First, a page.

Cost: $1 to $2 per square foot; installation adds $2 to $5 per square foot.
Best for Safety
Glass and glazed ceramic floor tiles with an anti-slip finish are designed to provide superior traction. Look for tiles certified to meet slip-resistance standards specified by the Americans with Disabilities Act.
Highlight: Grout lines between glass and ceramic tiles provide texture that increases traction. Mosaic tiles -- 1-inch-by-1-inch or smaller -- produce lots of grout lines.
Drawback: Don't use glass on shower floors, because glass scratches and can become dull from cleaning.
Tip: Use a light-colored thin set behind glass tiles to enhance sparkle.
Cost: $3 to $7 per square foot, plus 20% to cover tile cuts and potential breakage; installation adds $4 to $32 per square foot, plus 20%.
Best for Durability
Quarry tiles are stronger and more wear-resistant than glazed tile and are made with a slightly rough surface texture that makes them slip-resistant.
Highlight: They give you a natural look, last a long time, and gain character with age -- just like stone in the wild does.
Drawback: Quarry tiles with natural ridges can feel rough on sensitive feet. And, unlike glazed ceramic tiles, quarry tile must be treated at least every two years with a clear tile sealer to prevent staining.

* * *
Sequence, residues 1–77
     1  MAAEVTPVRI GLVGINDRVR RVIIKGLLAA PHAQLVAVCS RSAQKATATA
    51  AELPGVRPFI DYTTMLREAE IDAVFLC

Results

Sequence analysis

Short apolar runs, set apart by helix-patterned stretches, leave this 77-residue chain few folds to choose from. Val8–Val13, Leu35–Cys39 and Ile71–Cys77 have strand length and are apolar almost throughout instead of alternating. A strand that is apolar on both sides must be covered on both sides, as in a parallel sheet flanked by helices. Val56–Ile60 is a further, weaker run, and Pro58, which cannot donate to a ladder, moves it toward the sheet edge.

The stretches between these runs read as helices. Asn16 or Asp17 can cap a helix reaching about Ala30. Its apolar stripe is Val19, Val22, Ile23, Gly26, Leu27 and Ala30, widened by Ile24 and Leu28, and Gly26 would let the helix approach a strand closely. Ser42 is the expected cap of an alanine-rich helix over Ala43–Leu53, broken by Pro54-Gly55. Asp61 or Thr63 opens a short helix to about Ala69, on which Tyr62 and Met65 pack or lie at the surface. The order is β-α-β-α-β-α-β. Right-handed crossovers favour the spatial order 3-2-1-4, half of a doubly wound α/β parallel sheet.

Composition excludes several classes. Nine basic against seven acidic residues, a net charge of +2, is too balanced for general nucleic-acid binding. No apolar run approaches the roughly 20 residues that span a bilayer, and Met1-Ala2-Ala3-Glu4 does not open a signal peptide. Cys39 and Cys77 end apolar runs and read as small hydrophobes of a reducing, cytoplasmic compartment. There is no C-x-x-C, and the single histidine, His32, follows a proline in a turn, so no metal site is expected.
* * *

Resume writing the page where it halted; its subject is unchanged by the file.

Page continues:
Tip: Don't use quarry tiles if you want a uniform look, because nature's not into matchy-matchy. The stone is available in a wide range of color.
Cost: $2.50 to $4 per square foot; installation of natural stone flooring costs $3 to $7 per square foot.
Best Green Option
After being upstaged by vinyl, linoleum is staging a comeback as a green flooring option.
Highlight: It’s made with renewable, biodegradable materials including linseed oil and cork, and produces no harmful vapors. It comes in many colors and patterns.
Drawback: Linoleum can be used in bathrooms because it stands up well to traffic and resists moisture, but it’s susceptible to staining. For this reason, some manufacturers add a protective coating that helps guard against stains and scratching.
Tip: If you buy linoleum without a protective coating, polish it every two years to keep it looking good.
Cost: $2.50 to $3.50 per square foot; installation adds $3.50 to $5 per square foot.
When Money Is No Object
Looking for a little pampering in your master bath? Stone floor tile -- granite, marble, limestone, slate, and travertine -- gives a bathroom a luxurious feel.
Highlight: They're beautiful, durable, and water- and stain-resistant.
Drawback: Honed and polished stone tile can be slippery when wet, so choose stone that has a textured, skid-resistant surface. Tumbled varieties of stone -- stone that has been mechanically mixed to knock off rough edges and soft spots -- have rustic textures that provide good slip resistance.
Tip: Marble is stunning in bathrooms, but don't choose marble with thick veins that could contain iron and age unattractively. To test how much iron a tile contains, soak it for two days, let it sit for two days, and see if/how the color changes.
Cost: $4 to $20 per square foot; installation adds $50 to $70 per square foot.